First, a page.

To avoid issues:
- Use a checklist to track all required financial documents needed
- Consult scholarship advisors on correctly filling forms like FAFSA
- Submit tax records and bank statements well before the deadlines
- Follow-up after submitting FAFSA to ensure verification completed
- Make copies of all documents to resend if lost
Without required proof of financial need, chances for applicable scholarships vanish. Follow up meticulously.
10. Transcript Errors
Official school transcripts with grades, GPAs, and academic records are central to all scholarship applications. Nigerian students risk disqualification through issues like:
- Submitting unofficial printouts vs. original sealed transcripts
- Missing records if transferring schools
- Incorrect contact information on transcript requests
- Including high school transcripts when not required
To avoid problems:
- Check application instructions for specifics on required transcripts
- Request transcripts 4-6 weeks in advance from registrars
- Verify transcripts include all institutions attended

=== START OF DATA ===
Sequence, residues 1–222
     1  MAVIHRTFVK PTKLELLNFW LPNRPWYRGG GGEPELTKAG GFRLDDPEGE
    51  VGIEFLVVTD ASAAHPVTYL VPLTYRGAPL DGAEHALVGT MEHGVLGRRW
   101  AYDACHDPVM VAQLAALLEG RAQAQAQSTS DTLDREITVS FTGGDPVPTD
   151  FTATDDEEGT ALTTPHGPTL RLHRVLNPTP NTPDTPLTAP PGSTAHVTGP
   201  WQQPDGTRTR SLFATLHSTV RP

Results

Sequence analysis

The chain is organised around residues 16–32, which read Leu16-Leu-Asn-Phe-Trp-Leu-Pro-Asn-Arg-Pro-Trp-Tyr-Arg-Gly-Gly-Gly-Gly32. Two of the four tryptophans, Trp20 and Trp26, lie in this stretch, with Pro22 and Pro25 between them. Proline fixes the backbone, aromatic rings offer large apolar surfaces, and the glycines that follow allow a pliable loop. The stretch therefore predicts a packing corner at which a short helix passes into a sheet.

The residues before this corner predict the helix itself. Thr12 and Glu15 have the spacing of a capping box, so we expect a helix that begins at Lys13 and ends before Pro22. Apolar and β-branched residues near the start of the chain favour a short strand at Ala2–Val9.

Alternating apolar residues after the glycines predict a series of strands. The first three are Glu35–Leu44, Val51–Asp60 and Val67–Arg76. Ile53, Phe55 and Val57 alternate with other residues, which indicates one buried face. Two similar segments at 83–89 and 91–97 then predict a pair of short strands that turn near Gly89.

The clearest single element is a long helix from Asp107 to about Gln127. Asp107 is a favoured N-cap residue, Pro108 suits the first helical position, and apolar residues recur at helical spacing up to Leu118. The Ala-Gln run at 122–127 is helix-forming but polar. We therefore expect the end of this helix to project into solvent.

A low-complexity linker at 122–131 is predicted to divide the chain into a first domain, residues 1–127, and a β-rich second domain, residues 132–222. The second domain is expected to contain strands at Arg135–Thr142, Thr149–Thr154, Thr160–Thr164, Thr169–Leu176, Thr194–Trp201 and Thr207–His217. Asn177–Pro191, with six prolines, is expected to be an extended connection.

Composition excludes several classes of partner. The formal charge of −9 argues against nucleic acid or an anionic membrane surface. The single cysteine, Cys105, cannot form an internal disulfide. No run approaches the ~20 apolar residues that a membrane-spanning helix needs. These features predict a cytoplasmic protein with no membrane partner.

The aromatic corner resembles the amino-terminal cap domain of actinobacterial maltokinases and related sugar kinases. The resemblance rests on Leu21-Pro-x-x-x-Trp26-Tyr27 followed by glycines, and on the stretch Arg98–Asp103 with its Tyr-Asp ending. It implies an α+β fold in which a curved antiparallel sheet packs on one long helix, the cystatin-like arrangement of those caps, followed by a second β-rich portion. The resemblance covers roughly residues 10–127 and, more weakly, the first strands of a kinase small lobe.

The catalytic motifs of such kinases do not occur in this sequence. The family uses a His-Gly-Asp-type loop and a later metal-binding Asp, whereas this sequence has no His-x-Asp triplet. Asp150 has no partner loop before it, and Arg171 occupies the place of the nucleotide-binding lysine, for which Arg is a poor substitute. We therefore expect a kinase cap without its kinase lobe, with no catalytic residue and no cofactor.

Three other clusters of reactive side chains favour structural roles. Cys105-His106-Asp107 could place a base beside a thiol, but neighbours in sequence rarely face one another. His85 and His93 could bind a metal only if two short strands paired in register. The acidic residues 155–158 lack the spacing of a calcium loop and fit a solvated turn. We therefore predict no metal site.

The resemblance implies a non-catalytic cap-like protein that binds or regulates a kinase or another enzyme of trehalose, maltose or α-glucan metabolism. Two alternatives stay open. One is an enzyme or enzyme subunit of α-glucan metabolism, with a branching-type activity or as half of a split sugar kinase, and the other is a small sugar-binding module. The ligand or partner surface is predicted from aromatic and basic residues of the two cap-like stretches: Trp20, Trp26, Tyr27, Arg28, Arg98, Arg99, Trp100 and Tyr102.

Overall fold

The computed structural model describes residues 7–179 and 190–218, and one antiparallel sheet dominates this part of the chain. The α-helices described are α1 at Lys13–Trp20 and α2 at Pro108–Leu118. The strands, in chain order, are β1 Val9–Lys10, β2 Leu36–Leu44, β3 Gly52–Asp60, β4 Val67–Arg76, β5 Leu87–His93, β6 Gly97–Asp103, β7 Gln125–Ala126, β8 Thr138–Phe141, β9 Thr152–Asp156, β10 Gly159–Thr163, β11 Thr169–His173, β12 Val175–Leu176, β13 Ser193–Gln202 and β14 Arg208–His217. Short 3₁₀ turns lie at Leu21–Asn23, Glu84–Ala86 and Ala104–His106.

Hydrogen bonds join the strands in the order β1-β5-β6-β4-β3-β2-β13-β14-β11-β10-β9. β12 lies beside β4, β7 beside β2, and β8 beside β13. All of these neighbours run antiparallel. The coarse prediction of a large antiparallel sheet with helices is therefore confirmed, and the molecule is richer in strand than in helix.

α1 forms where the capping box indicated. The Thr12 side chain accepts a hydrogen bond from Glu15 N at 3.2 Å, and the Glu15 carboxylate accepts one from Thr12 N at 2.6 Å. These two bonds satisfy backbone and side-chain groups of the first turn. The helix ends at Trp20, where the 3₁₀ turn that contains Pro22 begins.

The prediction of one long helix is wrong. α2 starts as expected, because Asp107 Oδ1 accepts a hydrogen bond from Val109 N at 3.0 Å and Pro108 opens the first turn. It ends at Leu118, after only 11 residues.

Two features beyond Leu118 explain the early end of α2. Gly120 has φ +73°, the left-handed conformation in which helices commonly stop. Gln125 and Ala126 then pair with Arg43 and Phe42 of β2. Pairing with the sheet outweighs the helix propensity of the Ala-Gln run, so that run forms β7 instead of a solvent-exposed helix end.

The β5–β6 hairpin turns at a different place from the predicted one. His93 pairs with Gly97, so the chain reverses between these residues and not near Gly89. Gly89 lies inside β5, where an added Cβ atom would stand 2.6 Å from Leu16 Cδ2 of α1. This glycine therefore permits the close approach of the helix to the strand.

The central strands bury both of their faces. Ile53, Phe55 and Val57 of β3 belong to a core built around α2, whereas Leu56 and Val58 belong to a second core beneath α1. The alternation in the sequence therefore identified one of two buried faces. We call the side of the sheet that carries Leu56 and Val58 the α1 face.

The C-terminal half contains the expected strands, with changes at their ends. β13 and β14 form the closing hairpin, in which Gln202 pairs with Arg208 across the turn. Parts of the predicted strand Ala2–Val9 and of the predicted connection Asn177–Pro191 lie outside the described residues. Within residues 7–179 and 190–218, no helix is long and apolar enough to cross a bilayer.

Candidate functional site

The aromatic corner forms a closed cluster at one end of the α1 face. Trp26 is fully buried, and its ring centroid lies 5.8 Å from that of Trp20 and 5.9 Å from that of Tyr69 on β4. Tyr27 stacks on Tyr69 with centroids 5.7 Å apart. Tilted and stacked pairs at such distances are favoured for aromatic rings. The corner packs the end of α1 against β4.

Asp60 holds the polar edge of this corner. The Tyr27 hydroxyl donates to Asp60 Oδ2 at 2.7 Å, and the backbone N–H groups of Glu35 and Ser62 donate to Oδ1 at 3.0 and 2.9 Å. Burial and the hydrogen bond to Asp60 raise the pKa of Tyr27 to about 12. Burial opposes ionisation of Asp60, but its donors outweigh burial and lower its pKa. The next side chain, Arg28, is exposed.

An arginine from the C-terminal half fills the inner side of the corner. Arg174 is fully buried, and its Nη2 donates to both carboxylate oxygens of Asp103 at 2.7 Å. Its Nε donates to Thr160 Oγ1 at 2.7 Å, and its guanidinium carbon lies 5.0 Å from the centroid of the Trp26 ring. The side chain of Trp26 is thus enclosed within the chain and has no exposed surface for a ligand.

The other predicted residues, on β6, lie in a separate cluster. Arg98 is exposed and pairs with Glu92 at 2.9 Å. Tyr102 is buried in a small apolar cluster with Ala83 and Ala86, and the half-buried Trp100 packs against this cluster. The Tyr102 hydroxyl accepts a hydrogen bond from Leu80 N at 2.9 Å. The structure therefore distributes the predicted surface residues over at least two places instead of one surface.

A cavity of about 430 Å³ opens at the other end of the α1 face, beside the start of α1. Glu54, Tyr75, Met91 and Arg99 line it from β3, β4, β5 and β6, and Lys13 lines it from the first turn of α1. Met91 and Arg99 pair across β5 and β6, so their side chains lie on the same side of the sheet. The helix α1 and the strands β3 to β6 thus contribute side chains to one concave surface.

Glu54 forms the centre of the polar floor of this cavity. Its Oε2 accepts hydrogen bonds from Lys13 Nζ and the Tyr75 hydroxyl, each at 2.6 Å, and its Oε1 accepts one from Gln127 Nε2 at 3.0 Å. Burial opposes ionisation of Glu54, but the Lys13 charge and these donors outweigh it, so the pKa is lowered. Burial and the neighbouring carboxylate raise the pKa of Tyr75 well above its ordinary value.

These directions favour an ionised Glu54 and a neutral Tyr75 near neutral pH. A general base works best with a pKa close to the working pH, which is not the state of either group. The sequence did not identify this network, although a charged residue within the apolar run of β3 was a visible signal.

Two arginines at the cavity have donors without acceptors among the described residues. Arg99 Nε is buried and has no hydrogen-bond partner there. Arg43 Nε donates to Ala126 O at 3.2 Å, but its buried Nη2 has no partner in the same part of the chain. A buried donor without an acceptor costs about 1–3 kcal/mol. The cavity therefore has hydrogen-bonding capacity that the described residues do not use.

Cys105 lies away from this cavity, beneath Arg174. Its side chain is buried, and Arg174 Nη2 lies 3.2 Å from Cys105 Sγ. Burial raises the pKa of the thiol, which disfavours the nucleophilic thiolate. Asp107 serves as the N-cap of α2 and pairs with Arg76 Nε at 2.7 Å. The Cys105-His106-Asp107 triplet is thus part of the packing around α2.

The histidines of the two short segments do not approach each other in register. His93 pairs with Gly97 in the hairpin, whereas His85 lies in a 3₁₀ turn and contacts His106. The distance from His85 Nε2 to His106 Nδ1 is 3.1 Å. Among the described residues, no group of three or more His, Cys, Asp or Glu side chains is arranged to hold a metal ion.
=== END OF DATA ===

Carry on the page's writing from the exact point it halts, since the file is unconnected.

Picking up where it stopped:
- Resubmit immediately if any issues identified
Having your academic history fully accounted for strengthens the application.
11. Inaccurate Personal Details
Scholarship applications require extensive personal details. Incorrect information like inaccurate birth dates, contact information, academic program details, and more can sabotage Nigerian students.
To provide details accurately:
- Carefully fill forms with info matching official documents
- Verify addresses, phone numbers, and emails are current
- Have someone cross-check all entered data for typos
Even small errors undermine accuracy. Entering personal details meticulously is essential.
12. Forgetting Required Signatures/Confirmations
Nigerian students invest significant time completing scholarship applications only to miss final steps like:
- Forgetting to sign key documents
- Not having parents/guardians sign financial forms
- Neglecting to click submit buttons or confirmation checkboxes on online forms
To avoid invalidating your application:
- Use checklists to ensure you complete every item